• Search and post on If an opportunistic thief has stolen your dog this is a common place where they may try to sell him on. Search other local classifieds.
  • Check the Pet FBI website and file a report. This a free resource that maintains a database of lost and found pet reports.
  • Download the free ASPCA Pet Safety App which will provide further information about searching for a lost pet. The App also contains a facility to make a lost-animal flyer quickly and easily

Creating fliers

If your dog is lost or stolen, posting fliers in the area he was last seen is a very good idea. Remember, if he was stolen he might have got away from his captors or they might have released him.

Unfortunately, many people make fliers in haste that are not very effective. The best way to make a flier that contains all the relevant information is to use the template on the Pet FBI website, or the ASPCA Pet Safety App.

When posting fliers, bear these tips in mind:

  • Print on colored paper, or tape to a colored poster board – yellow is thought to be the most visible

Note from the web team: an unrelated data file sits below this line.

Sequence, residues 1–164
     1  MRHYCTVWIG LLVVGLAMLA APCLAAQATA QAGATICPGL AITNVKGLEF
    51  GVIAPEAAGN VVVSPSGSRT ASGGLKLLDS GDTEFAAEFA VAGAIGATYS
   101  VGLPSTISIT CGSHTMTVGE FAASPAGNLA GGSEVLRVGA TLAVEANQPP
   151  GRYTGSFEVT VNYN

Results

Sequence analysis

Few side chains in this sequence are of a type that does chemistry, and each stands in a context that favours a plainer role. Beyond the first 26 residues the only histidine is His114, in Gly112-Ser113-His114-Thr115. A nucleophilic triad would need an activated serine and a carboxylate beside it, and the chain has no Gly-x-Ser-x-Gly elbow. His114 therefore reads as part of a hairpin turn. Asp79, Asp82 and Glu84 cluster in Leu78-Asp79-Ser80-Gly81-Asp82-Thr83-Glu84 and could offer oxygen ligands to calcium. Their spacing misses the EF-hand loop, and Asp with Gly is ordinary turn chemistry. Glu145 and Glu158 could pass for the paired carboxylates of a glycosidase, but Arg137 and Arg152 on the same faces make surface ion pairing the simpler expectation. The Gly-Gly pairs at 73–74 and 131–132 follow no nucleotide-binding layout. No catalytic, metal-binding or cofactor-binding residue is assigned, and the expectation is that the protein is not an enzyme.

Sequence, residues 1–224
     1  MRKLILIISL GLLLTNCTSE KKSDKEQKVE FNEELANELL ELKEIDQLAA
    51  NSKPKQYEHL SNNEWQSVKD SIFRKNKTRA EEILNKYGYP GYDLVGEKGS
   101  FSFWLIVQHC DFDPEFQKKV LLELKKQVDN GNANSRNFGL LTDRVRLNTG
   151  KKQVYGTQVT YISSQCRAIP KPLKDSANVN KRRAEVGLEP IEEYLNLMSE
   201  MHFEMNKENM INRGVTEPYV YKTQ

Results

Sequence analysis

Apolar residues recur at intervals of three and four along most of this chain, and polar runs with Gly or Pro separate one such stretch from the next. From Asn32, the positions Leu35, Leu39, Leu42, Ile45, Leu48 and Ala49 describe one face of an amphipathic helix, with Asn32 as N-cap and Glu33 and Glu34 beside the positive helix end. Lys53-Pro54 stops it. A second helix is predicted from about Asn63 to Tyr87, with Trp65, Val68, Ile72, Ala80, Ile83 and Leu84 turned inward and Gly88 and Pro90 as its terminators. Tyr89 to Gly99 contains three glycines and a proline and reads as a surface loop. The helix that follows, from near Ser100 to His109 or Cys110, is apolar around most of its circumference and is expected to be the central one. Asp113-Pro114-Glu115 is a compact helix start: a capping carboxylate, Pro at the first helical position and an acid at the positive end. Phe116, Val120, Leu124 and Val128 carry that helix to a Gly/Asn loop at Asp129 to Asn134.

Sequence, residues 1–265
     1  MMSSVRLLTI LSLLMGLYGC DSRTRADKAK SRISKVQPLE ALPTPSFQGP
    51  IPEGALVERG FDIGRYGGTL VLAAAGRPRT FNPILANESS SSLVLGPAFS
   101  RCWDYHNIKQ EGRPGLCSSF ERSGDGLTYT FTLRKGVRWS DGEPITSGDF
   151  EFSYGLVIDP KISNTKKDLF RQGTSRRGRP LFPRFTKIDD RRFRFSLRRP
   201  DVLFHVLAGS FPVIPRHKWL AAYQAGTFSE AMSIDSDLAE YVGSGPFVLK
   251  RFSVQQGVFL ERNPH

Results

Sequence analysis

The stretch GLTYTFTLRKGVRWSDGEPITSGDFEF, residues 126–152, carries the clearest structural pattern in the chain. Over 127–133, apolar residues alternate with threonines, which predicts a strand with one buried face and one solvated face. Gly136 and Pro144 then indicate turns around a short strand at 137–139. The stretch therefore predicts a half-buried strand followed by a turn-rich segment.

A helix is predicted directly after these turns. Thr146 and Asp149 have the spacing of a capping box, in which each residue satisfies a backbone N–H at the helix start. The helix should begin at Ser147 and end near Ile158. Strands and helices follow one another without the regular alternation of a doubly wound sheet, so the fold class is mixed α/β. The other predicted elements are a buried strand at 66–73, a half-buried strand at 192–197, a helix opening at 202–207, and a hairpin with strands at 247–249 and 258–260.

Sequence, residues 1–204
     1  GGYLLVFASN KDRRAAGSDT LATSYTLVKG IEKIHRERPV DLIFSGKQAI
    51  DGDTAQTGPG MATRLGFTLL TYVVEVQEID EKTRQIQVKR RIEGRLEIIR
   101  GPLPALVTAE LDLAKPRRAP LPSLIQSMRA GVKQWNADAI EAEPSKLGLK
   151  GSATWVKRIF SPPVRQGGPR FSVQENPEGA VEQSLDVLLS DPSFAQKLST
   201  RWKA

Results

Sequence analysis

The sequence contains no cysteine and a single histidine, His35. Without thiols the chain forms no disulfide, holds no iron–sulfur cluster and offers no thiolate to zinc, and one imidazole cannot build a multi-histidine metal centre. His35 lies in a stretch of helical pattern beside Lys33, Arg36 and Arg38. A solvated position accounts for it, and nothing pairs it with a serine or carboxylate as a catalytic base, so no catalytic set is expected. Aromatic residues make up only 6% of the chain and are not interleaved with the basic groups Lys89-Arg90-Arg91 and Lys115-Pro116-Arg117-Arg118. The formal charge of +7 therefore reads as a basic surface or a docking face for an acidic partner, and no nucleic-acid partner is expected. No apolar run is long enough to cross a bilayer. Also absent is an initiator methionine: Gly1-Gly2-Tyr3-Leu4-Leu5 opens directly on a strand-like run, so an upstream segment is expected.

• Protect the flier by laminating, or placing in a plastic envelope
  • If you’re using a marker, make sure it’s indelible ink
  • Attach the flier to utility poles in the area where your Service Dog went missing using duct tape and nails
  • Distribute also to Animal Hospitals, Pet Supply Stores, anywhere in the area with a bulletin board

Let’s wrap things up

Protect yourself against scammers

If you receive any calls asking for money in return for getting your pet back, however plausible they sound, be on your guard. For example, someone might say they have found your pet in another state and need money to return him to you. This is a common scam. If you are suspicious, contact the police.

If someone asks to meet with you to return your dog, ask to meet in a public place and never go alone. If you have offered a reward, only hand the money over when you have the dog back.

Beware of dog theft

One in three dogs goes missing in their lifetime. It is not only dogs that are left alone for long periods that are at risk. Dog thieves are clever and sometimes steal to order so even if your service dog rarely leaves your side, you need to be on your guard.

If the unthinkable happens and your service animal gets lost or is stolen, you stand a good chance of getting him back if he is microchipped. Once your service dog has been microchipped, remember to keep the contact details updated if ever you move or change your phone number or email address.

Prevention is always better than cure, so think before you leave your dog unattended. Never leave them in a parked car or tied up outside a shop or cafe. Avoid leaving your Service Animal unattended in the backyard, especially if it is in view from the street.

If you take sensible precautions, register your service dog or ESA, should be safe and enjoy and long and happy partnership with you.